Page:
Monday Musings: Busy times in Indonesia, stress and volcanoes, Korean volcanic hazards and the Auckland Volcanic Disaster (on TV)
Busy weekend (well, mostly grading, but that does eat time like you wouldn't believe), so here are some quick hits from the news file:
Busy Indonesia: As people begin to return to the area near Sinabung, two more Indonesian volcanoes begin to make more noise. Merapi was closed to climbers over the weekend due to increased threat of an eruption while Karangetang was elevated to orange status due to increasing signs of an impending eruption. Both are very active volcanoes ... and speaking of Indonesia eruption, there was an interesting historical article that talked about the migration of New Englanders to Ohio after the Tambora eruption of 1815 - a nice link between human migration and an eruption on the other side of the planet.
Using stress to find the eruption: There is a new study in Nature Geosciences that talks to the relationship between stress in the Earth's crust and the potential location of volcanic eruptions. You might say "the eruption is at the volcano, silly!" and well, you'd be right, however in events like the fissure-vent stage of the Eyjafjallajökull eruption, the location of the first fissure might have been predicted by analysing the stresses in the crust around the area - at least based on the study by Dr. Ian Hamling and others on eruptions in the Afar region of Ethiopia.
Potential flooding if Mt. Baekdu erupts: We've discussed a little bit about the large caldera system sitting between China and North Korea and its potential for a new eruption. A new study out of South Korea suggests that if Mt. Baekdu (aka Changbaishan) were to erupt again, a major problem would be flooding generated by the breach of Lake Cheonji in the caldera. Again, there are no signs the caldera is likely to erupt soon, but the threat is there.
New Zealand Volcano Disaster on TV: If you live in New Zealand, I'd love to hear if you watched Eruption, a TV drama about a potential eruption in the Auckland Volcanic Field that underlies the city of the same name. Sounds like a real gem ...
Top left: An undated image of Merapi in Indonesia.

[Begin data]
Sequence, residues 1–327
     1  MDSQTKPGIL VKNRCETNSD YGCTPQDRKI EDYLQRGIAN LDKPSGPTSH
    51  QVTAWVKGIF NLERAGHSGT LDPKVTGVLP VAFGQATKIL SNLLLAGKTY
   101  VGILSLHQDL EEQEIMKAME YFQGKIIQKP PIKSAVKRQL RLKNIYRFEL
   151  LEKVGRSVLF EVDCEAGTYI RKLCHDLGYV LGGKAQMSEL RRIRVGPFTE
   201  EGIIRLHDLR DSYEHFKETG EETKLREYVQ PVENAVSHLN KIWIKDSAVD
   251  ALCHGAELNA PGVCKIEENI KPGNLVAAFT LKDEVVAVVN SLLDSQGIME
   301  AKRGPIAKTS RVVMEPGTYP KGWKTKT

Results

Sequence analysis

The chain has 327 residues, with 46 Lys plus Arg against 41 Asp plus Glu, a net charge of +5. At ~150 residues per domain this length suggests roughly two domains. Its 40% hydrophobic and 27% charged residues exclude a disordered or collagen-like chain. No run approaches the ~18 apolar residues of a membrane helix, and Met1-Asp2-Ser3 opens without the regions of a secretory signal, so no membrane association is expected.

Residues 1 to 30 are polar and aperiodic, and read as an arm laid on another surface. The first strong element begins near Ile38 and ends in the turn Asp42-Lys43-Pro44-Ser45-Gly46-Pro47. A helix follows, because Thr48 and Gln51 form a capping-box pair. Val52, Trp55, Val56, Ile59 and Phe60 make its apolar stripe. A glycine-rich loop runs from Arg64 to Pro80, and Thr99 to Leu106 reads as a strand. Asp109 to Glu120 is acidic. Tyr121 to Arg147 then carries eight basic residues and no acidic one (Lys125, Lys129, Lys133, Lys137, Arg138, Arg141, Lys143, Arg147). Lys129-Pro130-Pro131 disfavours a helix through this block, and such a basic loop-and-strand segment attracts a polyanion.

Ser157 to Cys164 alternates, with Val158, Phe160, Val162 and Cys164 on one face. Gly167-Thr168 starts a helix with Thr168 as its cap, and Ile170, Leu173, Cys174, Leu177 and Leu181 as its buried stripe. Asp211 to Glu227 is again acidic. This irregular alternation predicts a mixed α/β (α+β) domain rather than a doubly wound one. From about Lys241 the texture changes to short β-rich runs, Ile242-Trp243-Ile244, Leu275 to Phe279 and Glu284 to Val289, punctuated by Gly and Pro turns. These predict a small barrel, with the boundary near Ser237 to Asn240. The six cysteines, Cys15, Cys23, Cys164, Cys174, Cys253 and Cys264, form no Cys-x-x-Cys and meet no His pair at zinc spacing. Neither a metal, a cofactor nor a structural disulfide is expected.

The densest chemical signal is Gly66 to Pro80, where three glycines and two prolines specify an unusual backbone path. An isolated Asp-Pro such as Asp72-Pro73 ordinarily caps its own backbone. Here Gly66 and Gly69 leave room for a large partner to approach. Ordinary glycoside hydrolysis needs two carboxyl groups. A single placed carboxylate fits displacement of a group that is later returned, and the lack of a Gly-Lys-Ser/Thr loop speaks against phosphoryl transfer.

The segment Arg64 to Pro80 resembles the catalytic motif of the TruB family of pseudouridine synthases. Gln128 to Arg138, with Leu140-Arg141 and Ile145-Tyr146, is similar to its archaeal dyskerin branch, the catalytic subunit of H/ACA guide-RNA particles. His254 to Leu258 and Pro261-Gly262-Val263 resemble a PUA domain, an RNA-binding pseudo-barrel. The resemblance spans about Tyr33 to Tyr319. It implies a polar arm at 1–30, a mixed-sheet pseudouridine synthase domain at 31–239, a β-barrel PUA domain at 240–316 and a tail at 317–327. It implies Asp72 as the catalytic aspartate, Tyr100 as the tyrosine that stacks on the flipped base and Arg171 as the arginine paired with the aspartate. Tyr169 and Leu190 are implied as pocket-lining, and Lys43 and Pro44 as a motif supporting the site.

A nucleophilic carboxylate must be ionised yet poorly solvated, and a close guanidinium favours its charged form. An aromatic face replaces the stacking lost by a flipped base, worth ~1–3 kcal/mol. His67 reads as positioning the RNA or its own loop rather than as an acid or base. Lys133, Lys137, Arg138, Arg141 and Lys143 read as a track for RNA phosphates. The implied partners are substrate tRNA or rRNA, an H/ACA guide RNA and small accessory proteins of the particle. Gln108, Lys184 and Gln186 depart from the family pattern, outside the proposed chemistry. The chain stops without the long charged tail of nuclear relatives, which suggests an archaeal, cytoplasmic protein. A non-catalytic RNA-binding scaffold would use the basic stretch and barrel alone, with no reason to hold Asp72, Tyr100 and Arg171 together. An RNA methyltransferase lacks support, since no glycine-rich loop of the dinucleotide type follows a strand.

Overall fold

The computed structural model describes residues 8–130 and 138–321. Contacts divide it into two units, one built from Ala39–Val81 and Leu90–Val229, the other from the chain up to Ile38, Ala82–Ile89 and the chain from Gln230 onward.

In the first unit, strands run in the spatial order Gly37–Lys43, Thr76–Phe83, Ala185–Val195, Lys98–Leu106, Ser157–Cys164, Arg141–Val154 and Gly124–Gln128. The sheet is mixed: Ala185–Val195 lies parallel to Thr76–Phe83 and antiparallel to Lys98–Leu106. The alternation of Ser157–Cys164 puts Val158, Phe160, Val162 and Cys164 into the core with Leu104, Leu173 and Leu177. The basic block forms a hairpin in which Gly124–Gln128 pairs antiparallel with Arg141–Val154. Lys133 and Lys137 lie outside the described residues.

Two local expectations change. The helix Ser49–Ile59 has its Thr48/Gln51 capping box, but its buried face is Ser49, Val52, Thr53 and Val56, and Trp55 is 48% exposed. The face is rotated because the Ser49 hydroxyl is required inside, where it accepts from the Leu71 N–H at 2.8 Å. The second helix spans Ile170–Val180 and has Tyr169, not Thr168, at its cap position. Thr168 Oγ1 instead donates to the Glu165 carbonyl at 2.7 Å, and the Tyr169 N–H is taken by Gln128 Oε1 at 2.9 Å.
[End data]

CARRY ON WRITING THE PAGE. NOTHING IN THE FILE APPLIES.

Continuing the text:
Malcolm Gladwell teaches "Get over yourself and get to work" for Big Think Edge.
- Learn to recognize failure and know the big difference between panicking and choking.
- At Big Think Edge, Malcolm Gladwell teaches how to check your inner critic and get clear on what failure is.
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Both panoramic and detailed, this infographic manages to show both the size and distribution of world religions.
- At a glance, this map shows both the size and distribution of world religions.
- See how religions mix at both national and regional level.
- There's one country in the Americas without a Christian majority – which?
A consortium of scientists and engineers have proposed that the U.S. and Mexico build a series of guarded solar, wind, natural gas and desalination facilities along the entirety of the border.
- The proposal was recently presented to several U.S. members of Congress.
- The plan still calls for border security, considering all of the facilities along the border would be guarded and connected by physical barriers.
- It's undoubtedly an expensive and complicated proposal, but the team argues that border regions are ideal spots for wind and solar energy, and that they could use the jobs and fresh water the energy park would create.
Yes, a coup d'état.
- Though we know today that his policies eventually ended the Great Depression, FDR's election was seen as disastrous by some.
- A group of wealthy bankers decided to take things into their own hands; they plotted a coup against FDR, hoping to install a fascist dictator in its stead.
- Ultimately, the coup was brought to light by General Smedley Butler and squashed before it could get off the ground.
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